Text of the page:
Here Comes the Bride
Augusta Mudd is a successful business owner in the little town of Cottonwood, Texas in the first decade of the twentieth century. At thirty-one, Gussie is worried that she’s become a spinster. She’s been walking out with handsome widower Amos Dewey for three years now, but when she corners him and demands to know what his intentions are, he responds with obvious dismay. Gussie knows that she and Amos are well suited. The only thing to do is to make him realize that they’re perfect for each other.
A businesswoman, Gussie immediately frames the problem in terms of the laws of supply and demand: Amos doesn’t realize how valuable she is because he has no competition for her. So she enlists the aid of Rome Akers, an employee who handles the day-to-day running of Gussie’s company. She offers Rome a full partnership in the business, if he agrees to pretend to court her just long enough to get Amos to propose.
The truth is, I didn’t like this novel at all at first. I thought the characters were stiff and their dialogue was stilted. Gussie’s plan seemed stupid and obvious, and I foresaw no surprises in how it would turn out. Then a subplot involving sewage-treatment lagoons loomed. “Oh, boy,” I thought, “this is going to be almost as much fun as a city council meeting.”
Fortunately, Morsi’s trademark wit and charm soon kicked in. The characters got over their initial stiffness and, as they became inseparable friends, they also became people I cared about. Gussie has an excellent head for business, but beneath her briskness she’s shy, insecure, and unsure of herself. Rome is a marvelous character. He has moral qualms about the deception involved, but he wants to be a partner in Gussie’s business. As he grows to like and respect Gussie, he becomes even more determined to succeed in the deception, because he believes that Gussie is in love with Amos. He constantly strives for what he believes to be best for her, even when he obviously wants her for himself.
The nicest thing about this book is the way that Gussie and Rome become firm friends, working for a common goal, before they become lovers or even sweethearts. The plot has lots of twists and turns that surprised me and made me laugh out loud more than once. The book’s climax involves a kissing-booth scene that you simply have to read. I didn’t know that a public two-bits-a-kiss fundraising booth could be that funny or that sexy.
Morsi does an excellent job of capturing the deeply moral and religious flavor of turn-of-the-century American society. She achieves historical accuracy without ever getting preachy or making the town’s inhabitants seem like sober fuddy-duddies. Cottonwood is neither a sweet-as-maple-sugar little town, nor a hotbed of small-minded gossip, but somewhere in between. The cast of characters is rendered with a keen eye for detail and a delightful sense of how amusing everyday situations can be. Morsi even made the subplot about sewer lagoons interesting.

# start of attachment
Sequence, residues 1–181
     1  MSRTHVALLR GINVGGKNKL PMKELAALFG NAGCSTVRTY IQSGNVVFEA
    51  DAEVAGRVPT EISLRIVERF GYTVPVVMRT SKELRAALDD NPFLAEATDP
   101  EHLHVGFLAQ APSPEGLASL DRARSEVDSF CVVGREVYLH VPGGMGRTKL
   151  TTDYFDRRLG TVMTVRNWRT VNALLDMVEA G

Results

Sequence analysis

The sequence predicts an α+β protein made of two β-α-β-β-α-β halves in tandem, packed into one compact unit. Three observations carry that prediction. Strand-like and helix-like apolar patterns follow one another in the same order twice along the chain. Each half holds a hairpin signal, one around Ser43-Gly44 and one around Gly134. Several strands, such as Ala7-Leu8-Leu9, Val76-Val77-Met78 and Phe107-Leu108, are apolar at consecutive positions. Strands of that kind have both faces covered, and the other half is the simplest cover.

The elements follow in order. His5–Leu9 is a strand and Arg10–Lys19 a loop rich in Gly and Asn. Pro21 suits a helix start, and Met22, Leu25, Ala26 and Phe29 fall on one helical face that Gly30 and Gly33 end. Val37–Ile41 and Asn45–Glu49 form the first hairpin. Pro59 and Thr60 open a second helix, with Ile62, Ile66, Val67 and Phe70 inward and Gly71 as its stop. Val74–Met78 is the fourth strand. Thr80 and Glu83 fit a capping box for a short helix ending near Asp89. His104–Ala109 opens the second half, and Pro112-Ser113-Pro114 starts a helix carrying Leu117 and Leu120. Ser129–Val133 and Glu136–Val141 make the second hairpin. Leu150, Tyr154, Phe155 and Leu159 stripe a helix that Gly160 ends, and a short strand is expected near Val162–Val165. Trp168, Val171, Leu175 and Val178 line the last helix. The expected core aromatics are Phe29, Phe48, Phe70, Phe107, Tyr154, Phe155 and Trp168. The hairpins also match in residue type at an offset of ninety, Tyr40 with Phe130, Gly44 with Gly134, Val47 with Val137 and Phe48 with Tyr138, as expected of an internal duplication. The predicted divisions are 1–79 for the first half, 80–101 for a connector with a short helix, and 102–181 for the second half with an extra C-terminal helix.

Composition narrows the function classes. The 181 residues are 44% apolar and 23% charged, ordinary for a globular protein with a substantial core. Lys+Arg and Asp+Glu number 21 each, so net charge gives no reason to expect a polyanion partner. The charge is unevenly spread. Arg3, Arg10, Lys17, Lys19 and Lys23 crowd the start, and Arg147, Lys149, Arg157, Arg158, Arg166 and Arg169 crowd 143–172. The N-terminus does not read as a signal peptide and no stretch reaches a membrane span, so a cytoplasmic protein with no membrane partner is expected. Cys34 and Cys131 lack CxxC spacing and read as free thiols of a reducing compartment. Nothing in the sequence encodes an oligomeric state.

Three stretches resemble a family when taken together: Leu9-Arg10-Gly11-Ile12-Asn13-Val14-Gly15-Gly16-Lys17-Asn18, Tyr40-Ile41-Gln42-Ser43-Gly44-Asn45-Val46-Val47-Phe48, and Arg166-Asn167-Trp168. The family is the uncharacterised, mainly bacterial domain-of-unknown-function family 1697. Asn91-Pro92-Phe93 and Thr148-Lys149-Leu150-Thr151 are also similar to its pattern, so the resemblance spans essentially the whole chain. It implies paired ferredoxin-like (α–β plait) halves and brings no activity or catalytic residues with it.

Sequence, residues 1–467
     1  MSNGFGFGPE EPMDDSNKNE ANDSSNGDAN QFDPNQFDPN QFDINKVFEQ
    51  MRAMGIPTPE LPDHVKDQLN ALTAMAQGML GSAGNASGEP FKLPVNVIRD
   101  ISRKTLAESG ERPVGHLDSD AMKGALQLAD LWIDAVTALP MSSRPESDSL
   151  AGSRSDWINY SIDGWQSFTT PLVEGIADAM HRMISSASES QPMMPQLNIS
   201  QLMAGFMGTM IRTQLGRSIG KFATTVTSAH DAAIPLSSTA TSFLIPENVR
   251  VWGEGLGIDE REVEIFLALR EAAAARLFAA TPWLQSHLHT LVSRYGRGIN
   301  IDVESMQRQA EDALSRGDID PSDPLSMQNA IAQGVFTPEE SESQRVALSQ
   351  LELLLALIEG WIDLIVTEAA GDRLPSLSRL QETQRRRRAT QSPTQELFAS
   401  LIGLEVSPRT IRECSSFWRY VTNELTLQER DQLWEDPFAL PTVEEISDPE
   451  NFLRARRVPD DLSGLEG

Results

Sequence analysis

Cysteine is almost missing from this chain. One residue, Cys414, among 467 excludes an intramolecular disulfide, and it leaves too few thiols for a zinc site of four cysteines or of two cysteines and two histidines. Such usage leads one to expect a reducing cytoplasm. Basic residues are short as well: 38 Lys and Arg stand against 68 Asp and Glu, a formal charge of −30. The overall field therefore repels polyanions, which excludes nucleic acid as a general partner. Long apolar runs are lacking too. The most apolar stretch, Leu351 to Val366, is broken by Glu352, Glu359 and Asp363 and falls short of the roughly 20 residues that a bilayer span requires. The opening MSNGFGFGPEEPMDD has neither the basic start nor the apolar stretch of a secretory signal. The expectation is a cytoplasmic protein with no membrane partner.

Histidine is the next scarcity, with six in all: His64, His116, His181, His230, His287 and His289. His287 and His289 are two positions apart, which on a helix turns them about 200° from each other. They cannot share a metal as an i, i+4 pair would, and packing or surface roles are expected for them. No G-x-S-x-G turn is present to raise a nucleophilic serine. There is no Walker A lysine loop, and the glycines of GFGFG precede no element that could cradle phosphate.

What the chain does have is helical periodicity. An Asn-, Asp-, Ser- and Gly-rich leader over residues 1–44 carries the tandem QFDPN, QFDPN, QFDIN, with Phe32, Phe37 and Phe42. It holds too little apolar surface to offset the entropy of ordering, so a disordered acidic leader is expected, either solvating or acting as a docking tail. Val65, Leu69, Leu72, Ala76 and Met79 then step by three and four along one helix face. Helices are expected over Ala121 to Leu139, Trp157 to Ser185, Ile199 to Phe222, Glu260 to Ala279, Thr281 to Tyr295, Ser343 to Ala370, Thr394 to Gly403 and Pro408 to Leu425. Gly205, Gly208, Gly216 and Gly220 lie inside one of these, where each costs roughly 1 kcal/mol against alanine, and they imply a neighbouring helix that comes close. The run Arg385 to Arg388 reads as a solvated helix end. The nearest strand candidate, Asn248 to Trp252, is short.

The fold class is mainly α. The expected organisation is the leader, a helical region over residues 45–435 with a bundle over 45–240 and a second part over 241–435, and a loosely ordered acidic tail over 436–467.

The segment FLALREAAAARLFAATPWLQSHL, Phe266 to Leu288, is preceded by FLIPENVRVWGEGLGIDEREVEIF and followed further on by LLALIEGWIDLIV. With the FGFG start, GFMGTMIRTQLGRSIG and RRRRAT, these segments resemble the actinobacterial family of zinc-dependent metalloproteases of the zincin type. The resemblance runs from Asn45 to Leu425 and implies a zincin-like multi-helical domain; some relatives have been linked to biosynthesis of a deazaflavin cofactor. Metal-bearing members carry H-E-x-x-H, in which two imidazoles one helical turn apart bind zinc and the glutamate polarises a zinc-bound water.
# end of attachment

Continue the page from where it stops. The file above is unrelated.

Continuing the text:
This book was fun and entertaining, but there are some things that could have been improved. As I mentioned, the beginning seemed very stilted and artificial to me. Morsi really didn’t need to tell me so much about the design of the sewage system, how a hand-crank ice-cream maker works, or the different types of razors used by the local barber. I’m sure all these details are historically accurate, but sometimes they seemed intrusive.
More seriously, there’s a secondary romance that starts out wonderfully but ends with a wet thud. I wanted to tap the kissing couple on the shoulder and say, “Excuse me, but you two don’t even know each other.” I don’t want to tell you who the two are, for fear of giving too much away. Suffice it to say that they’re both vivid, full-drawn characters, both at least as interesting as Gussie and Rome, and their ultimate pairing seemed extremely rushed. These two deserved better. I’d have read a whole book about them.
In spite of these things, the central story is romantic, entertaining, and surprising. Here Comes the Bride is a delicious romance, with a delightful setting and just enough twists and turns to keep readers glued to the pages.
|Review Date:||July 12, 2000|